By Julio César Sandria Reynoso, JavaWorld.com, 05/16/05
This article shows how to develop a robot that can learn by using the backpropagation algorithm, a basic neural network, and implementing it on a Lego Roverbot. Using both the algorithm and Java, the Roverbot—a Lego robot vehicle—can learn some basic rules for moving forward, backward, left, and right.
In this article, we use the Lego Mindstorms Robotics Invention System 2.0 for building the Lego robot; leJOS 2.1.0, a little Java operating system for downloading and running Java programs inside the Roverbot; and J2SE for compiling the Java programs under leJOS.
The Lego Mindstorms Robotics Invention System (RIS) is a kit for building and programming Lego robots. It has 718 Lego bricks including two motors, two touch sensors, one light sensor, an infrared tower, and a robot brain called the RCX.
The RCX is a large brick that contains a microcontroller and an infrared port. You can attach the kit's two motors (as well as a third motor) and three sensors by snapping wire bricks on the RCX. The infrared port allows the RCX to communicate with your desktop computer through the infrared tower.
In this article, we use a Roverbot as it is constructed in the Lego Mindstorms Constructopedia, the guide for constructing robots. This Roverbot, as shown in Figure 1, has been configured to use all three sensors and two motors included in Lego Mindstorms RIS 2.0.
Figure 1. A Lego Roverbot with two touch sensors, one light sensor, and two motors
leJOS is a small Java-based operating system for the Lego Mindstorms RCX. Because the RCX contains just 32 KB of RAM, only a small subset of the JVM and APIs can be implemented on the RCX. leJOS includes just a few commonly used Java classes from java.lang, java.io, and java.util, and thus fits well on the RCX.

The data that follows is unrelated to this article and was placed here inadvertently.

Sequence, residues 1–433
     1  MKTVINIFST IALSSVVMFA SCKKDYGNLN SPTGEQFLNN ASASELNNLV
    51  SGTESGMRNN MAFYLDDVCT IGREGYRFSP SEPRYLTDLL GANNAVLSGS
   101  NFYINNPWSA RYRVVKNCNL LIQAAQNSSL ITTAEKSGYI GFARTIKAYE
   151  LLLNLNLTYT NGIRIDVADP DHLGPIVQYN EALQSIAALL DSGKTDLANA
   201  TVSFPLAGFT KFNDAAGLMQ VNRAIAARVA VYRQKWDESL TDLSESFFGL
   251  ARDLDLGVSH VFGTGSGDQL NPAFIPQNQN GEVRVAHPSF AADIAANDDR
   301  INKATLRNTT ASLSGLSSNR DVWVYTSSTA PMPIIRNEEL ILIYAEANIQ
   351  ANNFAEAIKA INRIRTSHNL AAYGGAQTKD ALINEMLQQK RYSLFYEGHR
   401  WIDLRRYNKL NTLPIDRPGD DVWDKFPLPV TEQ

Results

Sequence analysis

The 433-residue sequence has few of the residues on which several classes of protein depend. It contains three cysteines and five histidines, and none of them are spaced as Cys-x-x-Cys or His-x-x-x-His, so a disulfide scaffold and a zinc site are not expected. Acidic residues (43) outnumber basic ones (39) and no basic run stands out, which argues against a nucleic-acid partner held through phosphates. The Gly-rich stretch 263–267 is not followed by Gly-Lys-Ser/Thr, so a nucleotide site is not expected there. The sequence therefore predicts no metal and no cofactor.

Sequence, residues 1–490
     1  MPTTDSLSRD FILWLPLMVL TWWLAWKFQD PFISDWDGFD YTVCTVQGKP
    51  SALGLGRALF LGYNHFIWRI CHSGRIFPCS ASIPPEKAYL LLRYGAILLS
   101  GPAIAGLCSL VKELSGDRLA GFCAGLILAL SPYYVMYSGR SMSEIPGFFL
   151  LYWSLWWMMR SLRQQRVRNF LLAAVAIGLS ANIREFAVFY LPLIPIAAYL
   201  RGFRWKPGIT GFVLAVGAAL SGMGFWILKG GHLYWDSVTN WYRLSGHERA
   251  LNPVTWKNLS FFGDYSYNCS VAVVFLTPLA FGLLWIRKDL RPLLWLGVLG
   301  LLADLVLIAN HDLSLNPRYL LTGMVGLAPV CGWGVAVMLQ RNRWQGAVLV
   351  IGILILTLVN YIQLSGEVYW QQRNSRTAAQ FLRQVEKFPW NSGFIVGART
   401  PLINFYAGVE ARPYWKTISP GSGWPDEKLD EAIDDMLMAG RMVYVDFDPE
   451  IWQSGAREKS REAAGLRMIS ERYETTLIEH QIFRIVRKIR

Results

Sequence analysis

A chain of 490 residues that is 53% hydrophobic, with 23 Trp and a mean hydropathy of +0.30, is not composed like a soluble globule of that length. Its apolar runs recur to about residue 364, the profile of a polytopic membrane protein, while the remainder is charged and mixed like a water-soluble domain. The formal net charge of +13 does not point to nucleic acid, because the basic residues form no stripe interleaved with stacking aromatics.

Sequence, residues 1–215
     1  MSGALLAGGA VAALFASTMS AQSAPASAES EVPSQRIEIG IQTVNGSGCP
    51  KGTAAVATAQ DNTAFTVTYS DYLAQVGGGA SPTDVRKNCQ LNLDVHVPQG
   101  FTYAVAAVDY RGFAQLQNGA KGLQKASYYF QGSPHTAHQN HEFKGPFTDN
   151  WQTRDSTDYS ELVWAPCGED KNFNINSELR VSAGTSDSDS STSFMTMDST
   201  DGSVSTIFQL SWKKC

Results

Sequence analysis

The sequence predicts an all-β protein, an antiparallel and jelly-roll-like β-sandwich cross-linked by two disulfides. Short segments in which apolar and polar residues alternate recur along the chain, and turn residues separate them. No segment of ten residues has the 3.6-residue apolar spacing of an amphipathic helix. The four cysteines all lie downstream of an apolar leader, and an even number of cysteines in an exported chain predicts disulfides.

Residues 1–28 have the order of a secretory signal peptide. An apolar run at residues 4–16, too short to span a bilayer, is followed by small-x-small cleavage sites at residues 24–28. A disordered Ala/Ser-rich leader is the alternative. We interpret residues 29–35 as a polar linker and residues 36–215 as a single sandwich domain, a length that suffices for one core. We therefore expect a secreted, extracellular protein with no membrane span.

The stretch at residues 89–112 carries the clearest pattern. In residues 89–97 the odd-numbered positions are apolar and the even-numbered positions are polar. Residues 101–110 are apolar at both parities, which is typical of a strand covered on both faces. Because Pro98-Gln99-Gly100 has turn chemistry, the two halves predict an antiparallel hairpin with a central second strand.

You must load the RAM with the Lego firmware, or, in our case, with the leJOS firmware, and your programs. The firmware contains a bytecode interpreter, which can run programs downloaded from RCX code.
For setting up your leJOS installation, please take a look at Jonathan Knudsen's article "Imaginations Run Wild with Java Lego Robots," (JavaWorld, February 2001), Programming Lego Mindstorms with Java (Syngress Publishing, 2002), or the leJOS readme file contained in the leJOS zip file, which you can download from the leJOS homepage.
If we want to build intelligent machines, we should model the human brain. Early in the 1940s, the neurophysiologist Warren McCulloch and the mathematician Walter Pitts began working on the idea of building an intelligent machine out of artificial neurons. One of the earliest neural network models was the perceptron, an invention of F. Rosenblat in 1962. A perceptron can learn; it models a neuron by taking a weighted sum of its inputs and sending an output of 1 if the sum is greater than some adjustable threshold value, otherwise it sends 0. If a perceptron can compute, it can learn to compute. Figure 2 shows a neuron and Figure 3 shows a perceptron.